Women scientists, from colonial collectors, amateur geologists, and pioneer ecologists, have left their mark on the development of science as well as the advancement of women in Australia. In this engaging and exhaustively researched book, Claire Hooker describes the courageous cast of characters who have contributed to diverse fields from palaeontology to medicine. Providing fascinating insights into the ways in which women have been able to create careers in a predominantly male domain, Hooker brings to life the stories of women scientists' experiences, from colonial times to today, when many are leaders in their fields. Inspiring, insightful, and full of 'ripping yarns', ""Irresistible Forces"" is a map of women's contributions to science in the past and a chart of where it might go in the future.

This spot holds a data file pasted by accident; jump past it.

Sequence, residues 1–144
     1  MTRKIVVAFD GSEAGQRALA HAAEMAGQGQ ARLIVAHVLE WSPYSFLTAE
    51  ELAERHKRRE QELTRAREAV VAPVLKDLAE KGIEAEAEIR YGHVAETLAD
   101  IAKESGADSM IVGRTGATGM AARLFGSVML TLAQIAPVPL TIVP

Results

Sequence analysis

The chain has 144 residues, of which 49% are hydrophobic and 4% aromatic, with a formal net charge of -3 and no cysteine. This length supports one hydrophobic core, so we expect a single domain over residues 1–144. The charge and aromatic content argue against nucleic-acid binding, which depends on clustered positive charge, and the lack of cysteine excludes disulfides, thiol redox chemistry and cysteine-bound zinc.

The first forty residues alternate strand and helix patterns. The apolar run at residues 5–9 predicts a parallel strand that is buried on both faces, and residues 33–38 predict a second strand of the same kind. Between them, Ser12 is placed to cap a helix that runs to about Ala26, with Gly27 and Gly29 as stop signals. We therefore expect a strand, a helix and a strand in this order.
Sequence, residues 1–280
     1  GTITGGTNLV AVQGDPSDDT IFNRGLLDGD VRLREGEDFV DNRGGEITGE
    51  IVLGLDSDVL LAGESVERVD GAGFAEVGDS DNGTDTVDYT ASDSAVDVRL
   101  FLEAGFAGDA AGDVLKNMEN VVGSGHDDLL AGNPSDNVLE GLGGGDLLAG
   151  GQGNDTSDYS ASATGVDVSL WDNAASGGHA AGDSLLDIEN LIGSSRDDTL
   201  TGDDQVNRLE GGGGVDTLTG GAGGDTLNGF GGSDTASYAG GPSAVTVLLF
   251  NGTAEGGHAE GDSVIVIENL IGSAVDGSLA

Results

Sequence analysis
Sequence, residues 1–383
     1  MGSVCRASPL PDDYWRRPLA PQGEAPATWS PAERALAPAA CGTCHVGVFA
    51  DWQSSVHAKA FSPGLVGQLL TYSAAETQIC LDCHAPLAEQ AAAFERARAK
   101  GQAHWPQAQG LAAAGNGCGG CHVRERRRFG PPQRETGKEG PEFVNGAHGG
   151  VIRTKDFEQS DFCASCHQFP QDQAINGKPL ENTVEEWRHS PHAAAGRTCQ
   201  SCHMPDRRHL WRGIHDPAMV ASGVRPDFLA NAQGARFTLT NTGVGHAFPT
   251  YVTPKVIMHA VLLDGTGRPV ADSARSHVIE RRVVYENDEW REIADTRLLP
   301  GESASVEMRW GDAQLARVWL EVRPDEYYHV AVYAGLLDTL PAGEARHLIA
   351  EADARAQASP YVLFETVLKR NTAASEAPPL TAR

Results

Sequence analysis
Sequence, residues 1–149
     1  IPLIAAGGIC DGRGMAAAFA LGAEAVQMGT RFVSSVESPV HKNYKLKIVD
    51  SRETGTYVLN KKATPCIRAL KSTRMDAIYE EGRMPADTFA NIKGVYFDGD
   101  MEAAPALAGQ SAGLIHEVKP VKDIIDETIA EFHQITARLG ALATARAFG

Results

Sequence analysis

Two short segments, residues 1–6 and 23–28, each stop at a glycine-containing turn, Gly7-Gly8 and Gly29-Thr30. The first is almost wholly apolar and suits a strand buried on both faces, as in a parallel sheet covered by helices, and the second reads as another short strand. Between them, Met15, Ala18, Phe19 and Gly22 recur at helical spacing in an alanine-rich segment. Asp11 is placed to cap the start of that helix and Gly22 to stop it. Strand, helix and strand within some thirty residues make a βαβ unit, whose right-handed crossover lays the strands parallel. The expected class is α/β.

Claire Hooker is a historian of science, medicine and public health. She received her PhD from the University of Sydney in 2000. She has been a Senior Research Associate with the History and Material Culture of Public Health in Australia project, Department of Gender Studies, University of Sydney, in collaboration with the Powerhouse Museum. Claire is currently in Canada carrying out a postdoctorate on health scares. She has published extensively in both academic and popular genres. Her most recent publication is Contagion: Historical and Cultural Studies (with Alison Bashford).